Attracting talent is a huge undertaking, and if your job ads aren’t worded properly, you could be missing out on great candidates. But when you post a condescending job ad geared toward Millennials, basically blaming them for being lazy, you’re probably going to attract a lot of criticism, not talent.
Case-in-point: A theater in London recently came under fire for a job ad it posted seeking an administrative assistant. The job ad has since been removed from the company website, but just because you delete it, that doesn’t mean it’s not living somewhere else on the dark Web. The description read:
“Dear Millenials [sic],
As a professional company in the arts industry for the best part of twenty years, grafting, scraping, cap in hand to angels and funding bodies and occasionally getting lucky. Surviving on our box office, breaking even and revelling in the success that in the real world that is. It saddens me to be putting this advert up for the third time in as many months.
Are you just not taught anything about existing in the real world, where every penny counts. Did no one teach you that the end of your studies is the beginning of your education?
We are still here, after all these years. We run a venue in South Central London, we run as a receiving house, producing house. We have an outdoor events company putting on festivals on the Vauxhall Pleasure Gardens. We have been lucky enough to have been funded on several occasions in the last five years by Arts Council England for our outdoor projects, but the bulk of the funding for the art in and around our venue comes from the venue itself. We raise our own money by running a successful business alongside and intrinsically part of our art. We opened in a recession and are about to embark on a number of major projects.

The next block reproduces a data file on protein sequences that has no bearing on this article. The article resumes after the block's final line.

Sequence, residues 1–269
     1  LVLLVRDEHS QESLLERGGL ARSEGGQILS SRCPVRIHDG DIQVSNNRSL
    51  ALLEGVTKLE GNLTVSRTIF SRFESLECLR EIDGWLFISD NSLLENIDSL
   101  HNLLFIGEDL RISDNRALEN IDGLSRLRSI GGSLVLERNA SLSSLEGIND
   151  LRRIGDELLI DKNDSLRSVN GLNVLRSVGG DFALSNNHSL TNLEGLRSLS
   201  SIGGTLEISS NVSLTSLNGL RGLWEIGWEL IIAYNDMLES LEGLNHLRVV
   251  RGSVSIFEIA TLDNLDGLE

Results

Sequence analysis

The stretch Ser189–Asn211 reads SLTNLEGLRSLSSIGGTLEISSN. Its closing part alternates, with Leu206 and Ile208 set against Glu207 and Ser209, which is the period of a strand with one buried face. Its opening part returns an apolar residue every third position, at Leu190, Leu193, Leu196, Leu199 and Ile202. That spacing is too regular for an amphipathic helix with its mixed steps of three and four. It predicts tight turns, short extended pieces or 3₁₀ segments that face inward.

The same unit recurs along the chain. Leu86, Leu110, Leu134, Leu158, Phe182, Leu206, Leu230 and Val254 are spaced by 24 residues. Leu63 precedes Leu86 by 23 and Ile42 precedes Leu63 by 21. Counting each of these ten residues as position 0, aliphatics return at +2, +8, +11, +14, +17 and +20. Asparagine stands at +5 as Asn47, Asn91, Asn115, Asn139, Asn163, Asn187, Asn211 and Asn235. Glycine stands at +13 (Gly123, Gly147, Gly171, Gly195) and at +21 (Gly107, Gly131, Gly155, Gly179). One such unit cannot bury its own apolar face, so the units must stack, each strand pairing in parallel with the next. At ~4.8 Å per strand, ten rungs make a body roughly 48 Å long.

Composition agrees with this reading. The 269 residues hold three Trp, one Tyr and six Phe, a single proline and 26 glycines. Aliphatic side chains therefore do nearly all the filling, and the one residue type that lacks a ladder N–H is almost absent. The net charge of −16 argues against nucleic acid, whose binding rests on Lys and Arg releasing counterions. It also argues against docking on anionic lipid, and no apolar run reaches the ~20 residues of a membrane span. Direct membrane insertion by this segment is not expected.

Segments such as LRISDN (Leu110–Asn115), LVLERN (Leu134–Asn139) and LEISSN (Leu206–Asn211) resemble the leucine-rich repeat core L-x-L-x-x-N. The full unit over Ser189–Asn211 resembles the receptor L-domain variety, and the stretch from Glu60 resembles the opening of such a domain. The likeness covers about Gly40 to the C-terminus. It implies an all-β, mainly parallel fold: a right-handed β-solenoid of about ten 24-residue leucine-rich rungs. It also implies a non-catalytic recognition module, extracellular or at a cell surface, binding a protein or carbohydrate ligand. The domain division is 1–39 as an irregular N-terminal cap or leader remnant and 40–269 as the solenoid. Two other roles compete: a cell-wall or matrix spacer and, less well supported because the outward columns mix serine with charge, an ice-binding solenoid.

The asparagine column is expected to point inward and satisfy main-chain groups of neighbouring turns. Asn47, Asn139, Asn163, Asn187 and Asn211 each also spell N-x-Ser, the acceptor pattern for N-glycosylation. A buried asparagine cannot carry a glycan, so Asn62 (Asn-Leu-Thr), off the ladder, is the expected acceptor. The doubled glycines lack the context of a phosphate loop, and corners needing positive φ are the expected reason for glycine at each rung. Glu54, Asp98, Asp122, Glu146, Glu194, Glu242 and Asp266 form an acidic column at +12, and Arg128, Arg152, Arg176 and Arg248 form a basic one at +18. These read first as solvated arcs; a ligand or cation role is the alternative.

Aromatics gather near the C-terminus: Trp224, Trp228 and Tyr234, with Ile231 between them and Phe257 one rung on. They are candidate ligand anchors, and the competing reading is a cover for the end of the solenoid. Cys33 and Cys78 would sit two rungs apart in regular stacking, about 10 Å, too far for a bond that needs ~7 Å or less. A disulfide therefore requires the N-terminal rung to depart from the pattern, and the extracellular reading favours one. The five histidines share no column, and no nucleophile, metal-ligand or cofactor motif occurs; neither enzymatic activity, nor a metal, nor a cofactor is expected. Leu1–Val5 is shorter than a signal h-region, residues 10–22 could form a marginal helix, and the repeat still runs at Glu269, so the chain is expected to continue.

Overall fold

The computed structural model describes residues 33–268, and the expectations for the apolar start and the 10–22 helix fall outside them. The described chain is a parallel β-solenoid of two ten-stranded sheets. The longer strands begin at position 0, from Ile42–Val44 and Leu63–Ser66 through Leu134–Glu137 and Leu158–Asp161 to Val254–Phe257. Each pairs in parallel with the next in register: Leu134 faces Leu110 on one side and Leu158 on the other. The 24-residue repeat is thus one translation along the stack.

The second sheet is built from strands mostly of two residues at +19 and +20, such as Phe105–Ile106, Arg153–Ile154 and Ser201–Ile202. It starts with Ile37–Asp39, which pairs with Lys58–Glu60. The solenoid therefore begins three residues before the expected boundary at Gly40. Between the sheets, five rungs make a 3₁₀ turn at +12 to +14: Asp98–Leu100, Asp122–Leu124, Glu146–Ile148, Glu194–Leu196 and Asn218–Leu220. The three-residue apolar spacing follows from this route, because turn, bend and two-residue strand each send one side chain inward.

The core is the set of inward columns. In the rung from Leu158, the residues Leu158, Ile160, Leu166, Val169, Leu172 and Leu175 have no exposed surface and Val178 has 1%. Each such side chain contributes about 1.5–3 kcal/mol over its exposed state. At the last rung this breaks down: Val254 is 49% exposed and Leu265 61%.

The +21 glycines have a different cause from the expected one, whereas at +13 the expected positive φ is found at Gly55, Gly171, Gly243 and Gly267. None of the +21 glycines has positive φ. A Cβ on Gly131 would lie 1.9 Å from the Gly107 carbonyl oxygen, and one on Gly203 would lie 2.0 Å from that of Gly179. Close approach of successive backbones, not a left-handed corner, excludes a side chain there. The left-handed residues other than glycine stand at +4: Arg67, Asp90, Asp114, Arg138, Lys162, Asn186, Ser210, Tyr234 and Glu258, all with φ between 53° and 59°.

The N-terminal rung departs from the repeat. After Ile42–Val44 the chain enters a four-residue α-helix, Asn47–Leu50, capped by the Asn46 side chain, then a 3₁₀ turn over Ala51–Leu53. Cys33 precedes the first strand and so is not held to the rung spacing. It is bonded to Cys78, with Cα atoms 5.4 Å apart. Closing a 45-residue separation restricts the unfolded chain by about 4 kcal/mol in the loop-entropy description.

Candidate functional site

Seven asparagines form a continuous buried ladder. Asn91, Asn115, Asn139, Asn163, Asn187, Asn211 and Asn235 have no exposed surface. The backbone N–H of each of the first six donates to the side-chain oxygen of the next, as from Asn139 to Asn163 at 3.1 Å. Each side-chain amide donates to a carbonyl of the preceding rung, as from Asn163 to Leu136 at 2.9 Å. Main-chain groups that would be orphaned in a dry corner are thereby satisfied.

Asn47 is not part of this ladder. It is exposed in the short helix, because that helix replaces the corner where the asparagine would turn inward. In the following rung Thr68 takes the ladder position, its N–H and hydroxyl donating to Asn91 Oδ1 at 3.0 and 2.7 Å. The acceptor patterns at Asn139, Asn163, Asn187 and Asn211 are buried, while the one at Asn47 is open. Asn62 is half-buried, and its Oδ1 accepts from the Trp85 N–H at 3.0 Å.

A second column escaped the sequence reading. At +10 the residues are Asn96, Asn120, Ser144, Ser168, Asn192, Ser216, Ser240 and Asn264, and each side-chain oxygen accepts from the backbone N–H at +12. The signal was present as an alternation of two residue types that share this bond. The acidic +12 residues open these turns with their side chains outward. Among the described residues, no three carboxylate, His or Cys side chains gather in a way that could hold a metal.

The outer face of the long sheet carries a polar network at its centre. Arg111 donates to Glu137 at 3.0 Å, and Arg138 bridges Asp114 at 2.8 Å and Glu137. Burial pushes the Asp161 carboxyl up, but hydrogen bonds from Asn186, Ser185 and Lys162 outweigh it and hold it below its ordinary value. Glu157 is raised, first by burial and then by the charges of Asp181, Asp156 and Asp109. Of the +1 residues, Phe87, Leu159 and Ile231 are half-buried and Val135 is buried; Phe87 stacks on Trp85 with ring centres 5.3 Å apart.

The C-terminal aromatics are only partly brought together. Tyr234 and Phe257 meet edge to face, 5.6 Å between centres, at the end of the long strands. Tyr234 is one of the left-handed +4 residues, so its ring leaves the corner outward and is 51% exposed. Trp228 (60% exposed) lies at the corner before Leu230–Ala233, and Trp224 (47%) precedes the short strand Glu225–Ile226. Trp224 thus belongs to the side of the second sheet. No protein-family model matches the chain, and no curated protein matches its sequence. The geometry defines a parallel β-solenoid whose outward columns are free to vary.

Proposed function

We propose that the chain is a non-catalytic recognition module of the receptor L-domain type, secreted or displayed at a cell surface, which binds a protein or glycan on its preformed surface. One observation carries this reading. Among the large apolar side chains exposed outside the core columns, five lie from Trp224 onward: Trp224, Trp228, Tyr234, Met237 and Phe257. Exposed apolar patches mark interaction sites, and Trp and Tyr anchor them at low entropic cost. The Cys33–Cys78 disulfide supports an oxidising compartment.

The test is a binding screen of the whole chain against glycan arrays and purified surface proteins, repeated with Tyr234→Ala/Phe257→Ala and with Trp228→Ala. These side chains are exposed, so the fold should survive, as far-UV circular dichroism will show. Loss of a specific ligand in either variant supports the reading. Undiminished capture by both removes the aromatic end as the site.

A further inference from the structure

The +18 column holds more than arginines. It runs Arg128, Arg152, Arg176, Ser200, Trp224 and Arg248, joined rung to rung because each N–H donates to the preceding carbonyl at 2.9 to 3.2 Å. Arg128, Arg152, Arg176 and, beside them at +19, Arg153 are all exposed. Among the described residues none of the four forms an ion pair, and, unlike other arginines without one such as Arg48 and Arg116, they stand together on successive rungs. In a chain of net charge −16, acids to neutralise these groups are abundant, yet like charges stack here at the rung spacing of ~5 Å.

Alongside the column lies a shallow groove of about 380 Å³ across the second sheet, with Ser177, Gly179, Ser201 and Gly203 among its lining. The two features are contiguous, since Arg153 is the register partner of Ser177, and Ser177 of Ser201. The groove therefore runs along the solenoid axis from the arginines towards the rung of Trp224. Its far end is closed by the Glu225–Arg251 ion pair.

One old lady used to run the whole of Mountview Academy with an IBM computer, it shouldn’t be this hard.
We need a grafter, who can commit. The absolute dogs in office skills, the ability to run a paper filing system as well as a computerised one, the ability to complete and keep track of a huge to-do list, to make our office work, create and develop business management systems that help the business to grow, giving space for more creative work to go ahead. To see where we are headed and realise that it is in your own hands how far you are able to go with us as we grow.
We have not been impressed so far.”
If this was the company’s third shot at trying to recruit talent, I can only imagine what the other two tries looked like. When reading this, the old adage “you catch more flies with honey than you do with vinegar” comes to mind. With that being said, let this be a lesson in what not to do when recruiting top talent!
|Melissa Blazejak is a Senior Web Content Editor at BLR. She has written articles for HR.BLR.com and the HR Daily Advisor websites and is responsible for the day-to-day management of HR.BLR.com and HRLaws.com. She has been at BLR since 2014. She graduated with a BA of Science, specializing in Communication, from Eastern Connecticut State University in 2008. Most recently, she graduated in 2014 with a MS of Educational Technology.|
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Author: Melissa Blazejak